Secrets of the Troika


The recent publication of Dick Cheney’s memoir, In My Time, completes the trilogy of the Bush presidency.  The other two members of the war troika have already weighed in with their own contributions to the record.  George Bush’s Decision Points and Donald Rumsfeld’s The Known and the Unknown appeared last year.  Neither made much of a splash, but Cheney stirred up some dust because, unsurprisingly, he was nastier than the others, particularly to Condoleeza Rice and Barack Obama.

I am surely one of the few readers of CounterPunch to plow through all 1725 pages of the trilogy.  This was neither enlightening nor edifying, but neither was it an exercise in intellectual masochism.  I read all three volumes with a singular purpose:  to see what clarification the troika would provide of a quiet, little known event that occurred a few months after a triumphant Bush declared victory in Iraq in 2003.  It received cursory attention from the political class and the media.  Then it dropped from view.

In 2003, the Iranian government made a formal diplomatic proposal for direct, comprehensive negotiations about all major issues, grievances, and conflicts that fueled the hostility in their dealings with each other. This was a critical juncture in Iranian-American relations. It offered the possibility of exiting the impasse that began with the overthrow of the Shah and the occupation of the American embassy in 1979.

Bush did not respond to the Iranian offer. Not for the first time in his dealings with the Middle East, he eschewed diplomacy. His decision went unannounced and unexplained.  Eight years later, it is still a non-event.  Instead, he chose to intensify the long standing policy U.S. policy of vilification, distrust, isolation, sanction, and threat of military attack.

Some may ask, why care, to the point of suffering through three undistinguished memoirs, about a little known decision that changed nothing.  It is my contention that the absence of this duet– the Iranian proposal and Bush’s rejection –from political discourse about our relation with Iran distorts public understanding of the ongoing conflict and that this works to the advantage of hardliners in the U.S. government and in the neoconservative policy elite.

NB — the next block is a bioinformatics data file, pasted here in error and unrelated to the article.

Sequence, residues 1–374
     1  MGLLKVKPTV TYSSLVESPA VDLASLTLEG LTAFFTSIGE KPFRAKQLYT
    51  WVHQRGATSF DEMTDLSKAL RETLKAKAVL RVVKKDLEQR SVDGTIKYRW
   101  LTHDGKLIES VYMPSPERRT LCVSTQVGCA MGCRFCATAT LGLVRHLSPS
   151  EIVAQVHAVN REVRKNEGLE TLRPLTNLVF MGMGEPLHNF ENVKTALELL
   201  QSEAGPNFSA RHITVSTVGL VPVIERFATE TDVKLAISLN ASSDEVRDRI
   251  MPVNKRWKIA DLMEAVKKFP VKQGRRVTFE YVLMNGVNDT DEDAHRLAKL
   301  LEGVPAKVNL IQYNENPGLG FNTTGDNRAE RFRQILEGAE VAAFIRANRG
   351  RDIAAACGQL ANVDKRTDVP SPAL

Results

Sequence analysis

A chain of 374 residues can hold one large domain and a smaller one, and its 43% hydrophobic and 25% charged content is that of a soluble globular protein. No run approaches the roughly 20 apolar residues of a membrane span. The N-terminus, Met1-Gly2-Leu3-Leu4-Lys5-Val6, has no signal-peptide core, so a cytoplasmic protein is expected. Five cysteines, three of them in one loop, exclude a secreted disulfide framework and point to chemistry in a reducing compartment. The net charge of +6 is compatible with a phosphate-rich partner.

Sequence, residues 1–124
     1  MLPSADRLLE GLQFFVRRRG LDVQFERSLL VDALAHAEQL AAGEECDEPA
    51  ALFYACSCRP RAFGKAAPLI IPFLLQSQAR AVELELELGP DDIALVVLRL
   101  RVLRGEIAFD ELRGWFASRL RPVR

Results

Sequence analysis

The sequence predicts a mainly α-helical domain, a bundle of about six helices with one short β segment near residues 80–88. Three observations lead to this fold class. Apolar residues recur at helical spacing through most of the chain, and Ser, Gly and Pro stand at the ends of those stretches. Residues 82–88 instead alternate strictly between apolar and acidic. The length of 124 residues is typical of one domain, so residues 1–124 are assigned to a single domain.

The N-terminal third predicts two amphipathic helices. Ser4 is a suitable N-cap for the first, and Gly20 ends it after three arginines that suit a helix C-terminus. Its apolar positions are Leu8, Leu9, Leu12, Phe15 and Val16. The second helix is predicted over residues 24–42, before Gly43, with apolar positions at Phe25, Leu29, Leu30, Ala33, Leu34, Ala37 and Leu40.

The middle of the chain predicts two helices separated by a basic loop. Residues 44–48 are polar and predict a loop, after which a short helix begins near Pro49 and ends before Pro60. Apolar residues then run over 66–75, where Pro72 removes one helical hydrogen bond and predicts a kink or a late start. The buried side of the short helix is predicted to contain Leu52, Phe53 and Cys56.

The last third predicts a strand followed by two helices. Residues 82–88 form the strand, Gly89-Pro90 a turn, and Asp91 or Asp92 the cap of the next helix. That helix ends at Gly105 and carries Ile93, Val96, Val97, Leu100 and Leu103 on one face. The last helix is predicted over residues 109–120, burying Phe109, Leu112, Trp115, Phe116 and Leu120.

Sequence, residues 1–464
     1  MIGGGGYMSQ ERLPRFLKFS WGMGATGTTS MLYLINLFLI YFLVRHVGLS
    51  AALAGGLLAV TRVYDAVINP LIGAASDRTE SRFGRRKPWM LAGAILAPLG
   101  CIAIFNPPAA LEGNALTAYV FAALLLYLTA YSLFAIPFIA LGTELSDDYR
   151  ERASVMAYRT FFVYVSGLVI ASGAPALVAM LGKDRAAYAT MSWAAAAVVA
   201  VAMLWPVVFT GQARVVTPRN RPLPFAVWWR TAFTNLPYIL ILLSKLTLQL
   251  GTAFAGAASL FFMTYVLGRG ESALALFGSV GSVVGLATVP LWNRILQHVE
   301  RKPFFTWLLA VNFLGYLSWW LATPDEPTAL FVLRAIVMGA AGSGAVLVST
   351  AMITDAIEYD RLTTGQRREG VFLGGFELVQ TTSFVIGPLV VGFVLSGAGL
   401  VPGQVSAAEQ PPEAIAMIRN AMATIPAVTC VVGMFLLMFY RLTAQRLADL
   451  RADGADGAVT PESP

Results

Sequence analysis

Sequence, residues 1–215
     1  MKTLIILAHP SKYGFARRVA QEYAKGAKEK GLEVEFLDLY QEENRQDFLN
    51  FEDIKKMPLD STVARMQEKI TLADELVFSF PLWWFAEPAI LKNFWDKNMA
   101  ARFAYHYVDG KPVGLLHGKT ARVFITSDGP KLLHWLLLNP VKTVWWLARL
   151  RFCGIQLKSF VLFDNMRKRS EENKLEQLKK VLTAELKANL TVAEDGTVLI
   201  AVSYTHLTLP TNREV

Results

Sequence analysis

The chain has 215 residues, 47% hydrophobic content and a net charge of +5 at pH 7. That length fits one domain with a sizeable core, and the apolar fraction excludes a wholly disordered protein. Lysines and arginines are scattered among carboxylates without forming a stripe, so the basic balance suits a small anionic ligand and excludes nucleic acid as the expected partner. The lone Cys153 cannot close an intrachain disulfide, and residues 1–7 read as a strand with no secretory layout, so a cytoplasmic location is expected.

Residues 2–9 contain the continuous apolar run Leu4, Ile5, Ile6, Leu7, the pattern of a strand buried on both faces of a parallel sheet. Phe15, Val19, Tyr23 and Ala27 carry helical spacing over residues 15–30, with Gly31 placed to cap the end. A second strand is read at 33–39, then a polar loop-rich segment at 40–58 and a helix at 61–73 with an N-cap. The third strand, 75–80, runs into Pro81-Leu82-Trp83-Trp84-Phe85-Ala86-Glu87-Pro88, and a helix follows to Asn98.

Hostility between the United States and Iran is always simmering.  The potential for escalation is constant, either because of friction between the U.S., Israel and Iran or because of internal political developments in each nation. In the present climate, war may or may not be imminent but it is definitely not reassuringly improbable.  In the last month, the situation has become grimmer and more dangerous because the alleged plot to assassinate the Saudi ambassador has aroused the war party in the United States and Israel to clamor for armed reprisal.

Because Bush’s decision has had a negative impact on the evolution of our dealings with Iran, it is not a merely academic exercise to review this recent history and to glean enlightenment from the troika’s memoirs about their decision to reject the Iranian negotiation proposal.

In the spring of 2003, the United States was, for a brief moment, riding high in the Middle East.   The Baathist regime and the Iraqi army had been dismantled.  The Taliban had been driven from Kabul, and al Queda dispersed into Pakistan. The United States was not yet embroiled in the quagmire of the insurgencies to come.   The Iraqi Sunni insurrection had not begun, and the Taliban had not yet reorganized to challenge NATO forces.   Hamas was not yet voted into power in Gaza.  Egypt and Saudi Arabia, the linchpins to U.S. hegemony in the region, were stable dictatorships.   Israel’s military dominance was unchallenged.  Oil was flowing, and the price was to our liking.  Mahmud Ahmadinejad was not yet a player.

The position of the Iranians was precarious but not bleak.  On the upside, Iran’s hostile neighbors were vanquished.  In the west, Saddam Hussein was in hiding.  In the east, the Sunni Taliban who had been massacring Shiite Afghanis were swept away.  Relations with the United States had been improving; the reformist government of Mohammed Khatami and the Clinton administration had taken symbolic steps toward rapprochement.  After the September 11 attacks, Iran supplied the U.S. with intelligence on the Taliban and imprisoned al Queda fighters who retreated into Iran.   The U.S. recognized Iran’s cooperation and its strategic importance by including it in the multilateral Bonn conference in December, 2001 which set up the provisional Afghan government and installed Hamid Karzai in its top position.